Wondering where you should be eating in New York City right now? You’re in the right place. The Infatuation Hit List is your guide to the city’s best new restaurants.
And when we say “best new restaurants,” we mean it. Because we’ve tried every single one of these places - and we’ve also left off countless spots that simply aren’t as worthy of your time and money.
The Hit List is our record of every restaurant that’s opened in the past year that we’d highly recommend you try. This guide is sorted chronologically, so at the top you’ll find our latest entries to this list (the newest spots), and as you keep scrolling you’ll find the places that are on the older side - but are great enough that we still haven’t stopped talking about them.
New to The Hit List (as of 7/8/19): Kichin, LaLou, Montesacro, The Turk’s Inn
All restaurants featured on The Infatuation are selected by our editorial team. The Hit List is presented by the American Express ® Gold Card. Click here to learn more about the benefits and rewards you get from paying with the Amex Gold Card while dining out.
Kichin used to be in a tiny space beneath the JMZ in Williamsburg, and it was a great option for some quick rice balls or bibimbap. That place closed, and now they have a much bigger spot in Bushwick with a multi-level dining room, a DJ booth, and a bar up front. And you should stop by for some fried chicken before more people find out about it. The food here is Korean, and in addition to the (excellent) fried chicken, you can eat a bunch of other things like a whole fish topped with tobiko and some rice cakes with halloumi and mozzarella. It’s a great spot for a casual group dinner because most things cost less than $20 and it turns into a party late at night. That’s what the DJ booth is for.
This narrow, white-walled spot in Prospect Heights serves some very good Italian-leaning food, from zucchini escabeche that tastes like fish ceviche to tender hanger steak with chopped soppressata. But what sets it apart from other excellent spots on this stretch of Vanderbilt Ave. is the wine program. The long list is mostly made up of natural wines, and while there are some Eastern European options your wine store clerk probably hasn’t heard of, it’s not trying to seem impressive by being inaccessible. There are plenty of familiar varietals from famous regions in France and Italy, and no matter how adventurous you decide to be, the very friendly staff will help you find a good bottle for $40-$70. Come here for some wine and snacks at the bar overlooking the open kitchen, or bring a date for dinner, and have drinks and dessert on the back patio afterward.
There are really only two things we’re looking forward to this winter. The first is tolerable subway platform temperatures and the second is eating Roman-style pizza in the covered back garden at Montesacro in Williamsburg when it’s snowing and feels like a snowglobe. This is a new Italian restaurant right near the Lorimer L that specializes in airy, oval-shaped flatbreads (called pinsa) which are all under $20. The small Italian starters here aren’t nearly as exciting as the pinsa and pasta - so focus on things like rigatoni carbonara and pinsa with broccolini, spicy sausage, and stracciatella. If you’re looking for a new date night spot where you won’t have to spend a ton of money to seem like the kind of person who’s been to Rome many times, this is it.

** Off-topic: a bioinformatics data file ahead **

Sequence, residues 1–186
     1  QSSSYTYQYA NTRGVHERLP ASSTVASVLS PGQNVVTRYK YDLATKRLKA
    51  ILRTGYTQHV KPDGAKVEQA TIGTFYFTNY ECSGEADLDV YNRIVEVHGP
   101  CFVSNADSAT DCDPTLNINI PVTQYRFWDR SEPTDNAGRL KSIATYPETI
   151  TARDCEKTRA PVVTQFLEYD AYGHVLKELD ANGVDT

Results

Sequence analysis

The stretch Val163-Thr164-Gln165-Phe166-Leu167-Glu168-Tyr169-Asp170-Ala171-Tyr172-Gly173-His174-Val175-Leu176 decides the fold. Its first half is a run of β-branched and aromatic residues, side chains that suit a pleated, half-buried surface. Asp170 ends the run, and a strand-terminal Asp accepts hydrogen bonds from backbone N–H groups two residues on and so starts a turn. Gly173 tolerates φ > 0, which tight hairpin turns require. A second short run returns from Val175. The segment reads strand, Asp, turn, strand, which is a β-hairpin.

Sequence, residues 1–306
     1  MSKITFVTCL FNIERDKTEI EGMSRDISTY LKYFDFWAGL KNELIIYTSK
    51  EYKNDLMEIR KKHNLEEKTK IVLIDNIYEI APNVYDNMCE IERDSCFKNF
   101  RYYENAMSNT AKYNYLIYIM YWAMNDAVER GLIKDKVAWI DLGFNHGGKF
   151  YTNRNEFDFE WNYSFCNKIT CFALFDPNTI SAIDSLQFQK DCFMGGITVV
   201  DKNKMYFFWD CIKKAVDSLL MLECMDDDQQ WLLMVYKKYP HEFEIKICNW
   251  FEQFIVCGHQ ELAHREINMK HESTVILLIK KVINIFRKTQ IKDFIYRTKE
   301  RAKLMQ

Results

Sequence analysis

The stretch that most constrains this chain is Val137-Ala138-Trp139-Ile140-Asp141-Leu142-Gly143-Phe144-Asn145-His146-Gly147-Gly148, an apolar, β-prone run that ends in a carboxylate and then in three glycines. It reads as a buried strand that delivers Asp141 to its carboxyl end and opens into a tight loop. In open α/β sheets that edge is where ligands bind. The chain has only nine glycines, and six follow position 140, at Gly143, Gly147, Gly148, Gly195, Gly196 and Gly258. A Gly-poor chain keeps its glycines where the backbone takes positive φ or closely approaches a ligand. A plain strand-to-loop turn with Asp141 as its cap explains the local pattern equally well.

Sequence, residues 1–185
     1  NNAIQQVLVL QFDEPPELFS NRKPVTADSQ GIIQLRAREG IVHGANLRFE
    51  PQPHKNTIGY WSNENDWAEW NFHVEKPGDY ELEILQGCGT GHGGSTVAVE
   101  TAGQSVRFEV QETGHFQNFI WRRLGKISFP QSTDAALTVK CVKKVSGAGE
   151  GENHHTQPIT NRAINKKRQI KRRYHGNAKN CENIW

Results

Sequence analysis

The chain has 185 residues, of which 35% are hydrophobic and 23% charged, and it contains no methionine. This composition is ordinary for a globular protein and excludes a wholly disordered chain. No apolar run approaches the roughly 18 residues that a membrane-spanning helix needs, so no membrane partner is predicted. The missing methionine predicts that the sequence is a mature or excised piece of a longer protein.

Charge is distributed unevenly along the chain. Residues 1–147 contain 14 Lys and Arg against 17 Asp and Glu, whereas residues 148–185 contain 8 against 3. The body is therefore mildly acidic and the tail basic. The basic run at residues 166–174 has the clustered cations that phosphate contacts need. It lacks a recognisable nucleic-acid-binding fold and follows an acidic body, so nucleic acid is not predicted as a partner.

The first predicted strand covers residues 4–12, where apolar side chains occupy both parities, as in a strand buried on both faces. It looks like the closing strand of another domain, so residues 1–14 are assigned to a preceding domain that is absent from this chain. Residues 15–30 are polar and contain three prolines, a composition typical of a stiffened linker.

If you walk past The Turk’s Inn in Bushwick, you’ll probably stop and ask, “What’s that?” From the outside, this place looks like an eccentric home you’d find in a small town, and the inside is a unique, impressive, and slightly disorienting environment. It’s modeled after a supper club in Wisconsin that opened in 1935 (also called The Turk’s Inn), and it’s filled with red carpets, vintage photos, gold tassels, a painting of a cat, and several stuffed birds. There isn’t really anything else like it in the city. The menu consists of various Mediterranian dishes like moussaka, hummus, and a variety of kebabs with things like octopus and some very good chunks of lamb rib. Start with an order of the dips, get a martini in a vintage-looking glass, and take in the space while you eat the rest of your dinner. And if you want a drink when you’re done, head to the casual bar on the roof.
Pasta is the reason you should set up text updates reminding you to make a reservation at Rezdora. That’s not to say pasta is the only reason you should come to this Italian spot in Flatiron. In fact, it’d be worth coming just for the mozzarella and fried zucchini flower appetizer that should start your meal, or for the housemade gelato that should end it. It’s just that the pastas are really, really good. The seven varieties on the menu range from a spinach pasta stuffed with leeks to others with rich ragu. But our favorite is the spaghettoni with clams, because every bite tastes like a mouthful of briny, baked goodness. Order that with something from the long, all-Italian wine list, and you’ll be happy you set those reminders to make a reservation.